Among the more illustrious drilling contractors that have crashed and burned or have been swallowed up, such as Zapata, Reading & Bates, Offshore Company, Sedco-Forex, Pride, Global Marine, Santa Fe etc. there are a host of other smaller lesser known outfits who have disappeared over the years. One such is the little know, at least outside of South East Asia, Robray Offshore Drilling. I recently had an inquiry asking if I could direct them to an website that gave some history of this erstwhile Singaporean company but it predated the internet and there is precious little information available in the public domain. However, I worked for Robray for 25 years from its inception in 1974 and including the years when it was absorbed up by Norway’s Smedvig in 1986. It seems right to correct this lack of historical information about this small but pioneering company by at least a blog!
Robray was started and owned by Singaporean multi-millionaire Robin Loh who owned a shipping line, an airline, an IT company, a shipyard and more besides and had close connections to Pertamina’s then head Ibnu Sutowo, both of whom profited significantly from the relationship. Robin wanted to participate in the oil boom of the mid 1970’s and in partnership with Ray Williams, then Regional head of Reading and Bates, they formed Robray, placing a significant number of orders with National for drilling equipment for their planned fleet of drilling rigs. Initially they began with three heli-rigs that all worked in Indonesia while a sister company, Robin Shipyard, begin construction of the first two self-erecting tender assist barge rigs. Reading and Bates had pioneered the tender rig concept for development drilling off wellhead platforms and Ray Williams brought the concept to Robray as well as decimating his ex-company by stealing many of its regional management and rig crews. Before moving into Robin’s Robina House in Shenton Way the company began life in the Marco Polo Hotel. The conference room was the hotel lounge, renowned in Singapore for its Irish Coffee’s and the dresses worn by the waitresses!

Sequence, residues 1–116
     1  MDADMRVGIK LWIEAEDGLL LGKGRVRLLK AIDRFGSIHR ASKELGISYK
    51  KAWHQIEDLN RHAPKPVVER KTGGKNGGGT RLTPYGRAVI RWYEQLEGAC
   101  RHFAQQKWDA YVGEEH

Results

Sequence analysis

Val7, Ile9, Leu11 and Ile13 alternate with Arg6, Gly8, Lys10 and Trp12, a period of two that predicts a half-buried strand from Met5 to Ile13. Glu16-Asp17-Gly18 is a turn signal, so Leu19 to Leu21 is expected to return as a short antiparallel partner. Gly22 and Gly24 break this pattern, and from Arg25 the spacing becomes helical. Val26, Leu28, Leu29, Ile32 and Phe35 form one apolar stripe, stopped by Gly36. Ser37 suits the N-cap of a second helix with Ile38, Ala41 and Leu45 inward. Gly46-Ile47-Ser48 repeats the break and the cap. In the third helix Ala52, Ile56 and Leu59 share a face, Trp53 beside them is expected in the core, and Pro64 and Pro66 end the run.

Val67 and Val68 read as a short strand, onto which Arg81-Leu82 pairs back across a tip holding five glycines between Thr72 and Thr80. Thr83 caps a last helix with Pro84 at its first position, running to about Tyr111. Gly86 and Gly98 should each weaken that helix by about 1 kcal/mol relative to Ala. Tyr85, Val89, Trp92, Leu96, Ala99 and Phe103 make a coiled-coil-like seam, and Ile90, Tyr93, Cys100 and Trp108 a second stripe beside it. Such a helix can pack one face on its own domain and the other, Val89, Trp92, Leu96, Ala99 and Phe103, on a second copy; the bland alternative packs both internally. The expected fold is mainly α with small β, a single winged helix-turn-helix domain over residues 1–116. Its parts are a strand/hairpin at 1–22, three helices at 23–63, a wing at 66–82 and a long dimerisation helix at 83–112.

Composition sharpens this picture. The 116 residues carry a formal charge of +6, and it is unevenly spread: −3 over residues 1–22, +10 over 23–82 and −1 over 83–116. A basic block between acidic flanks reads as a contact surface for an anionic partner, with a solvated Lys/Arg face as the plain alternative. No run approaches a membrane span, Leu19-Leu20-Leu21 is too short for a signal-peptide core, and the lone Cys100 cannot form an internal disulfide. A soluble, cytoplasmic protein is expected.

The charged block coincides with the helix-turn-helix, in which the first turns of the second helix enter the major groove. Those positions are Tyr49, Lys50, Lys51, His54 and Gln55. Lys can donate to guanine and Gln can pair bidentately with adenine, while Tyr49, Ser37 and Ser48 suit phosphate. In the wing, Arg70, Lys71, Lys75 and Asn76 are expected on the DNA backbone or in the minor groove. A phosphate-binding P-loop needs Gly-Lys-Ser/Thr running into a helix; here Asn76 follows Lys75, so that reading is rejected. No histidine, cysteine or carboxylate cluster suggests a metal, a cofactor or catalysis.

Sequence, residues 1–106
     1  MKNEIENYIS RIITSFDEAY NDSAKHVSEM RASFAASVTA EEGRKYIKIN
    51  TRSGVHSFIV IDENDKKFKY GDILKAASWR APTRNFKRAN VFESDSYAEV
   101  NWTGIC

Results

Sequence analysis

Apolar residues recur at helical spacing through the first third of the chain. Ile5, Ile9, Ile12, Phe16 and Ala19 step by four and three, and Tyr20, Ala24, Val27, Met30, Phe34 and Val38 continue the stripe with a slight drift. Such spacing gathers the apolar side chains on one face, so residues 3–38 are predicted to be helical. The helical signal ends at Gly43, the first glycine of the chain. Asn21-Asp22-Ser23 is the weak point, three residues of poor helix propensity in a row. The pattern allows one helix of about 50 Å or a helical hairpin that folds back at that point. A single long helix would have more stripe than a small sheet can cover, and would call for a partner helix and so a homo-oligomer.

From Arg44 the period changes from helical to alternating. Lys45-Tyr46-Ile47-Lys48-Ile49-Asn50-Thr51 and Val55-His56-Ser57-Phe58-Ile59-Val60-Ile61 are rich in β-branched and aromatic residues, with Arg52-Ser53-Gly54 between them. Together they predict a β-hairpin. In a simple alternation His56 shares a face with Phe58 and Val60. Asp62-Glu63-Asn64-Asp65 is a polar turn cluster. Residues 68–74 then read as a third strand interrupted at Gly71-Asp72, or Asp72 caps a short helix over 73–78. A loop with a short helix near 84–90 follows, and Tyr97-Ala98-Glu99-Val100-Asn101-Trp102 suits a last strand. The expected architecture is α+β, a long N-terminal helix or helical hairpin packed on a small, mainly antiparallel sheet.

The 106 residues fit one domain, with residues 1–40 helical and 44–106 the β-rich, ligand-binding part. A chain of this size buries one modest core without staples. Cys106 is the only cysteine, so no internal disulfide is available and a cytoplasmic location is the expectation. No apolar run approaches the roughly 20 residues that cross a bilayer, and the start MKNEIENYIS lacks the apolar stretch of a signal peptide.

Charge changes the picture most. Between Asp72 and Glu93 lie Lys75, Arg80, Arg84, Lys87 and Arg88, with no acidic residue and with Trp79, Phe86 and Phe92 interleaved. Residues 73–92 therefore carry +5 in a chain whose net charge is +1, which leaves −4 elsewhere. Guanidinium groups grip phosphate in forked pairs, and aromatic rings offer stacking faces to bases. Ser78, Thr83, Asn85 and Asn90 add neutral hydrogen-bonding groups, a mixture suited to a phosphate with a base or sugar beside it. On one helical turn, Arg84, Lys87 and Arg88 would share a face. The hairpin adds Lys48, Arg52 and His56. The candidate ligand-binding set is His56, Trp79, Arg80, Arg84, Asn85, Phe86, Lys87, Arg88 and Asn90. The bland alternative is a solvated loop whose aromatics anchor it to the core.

The heli-rigs worked in Sumatra, Kalimantan and especially in Irian Jaya (Sorong) where Robin had family links. The rigs were eventually sold off, two to Indonesian contractor Medco/Apexindo and the other into Australia but they had served their purpose in getting the company started.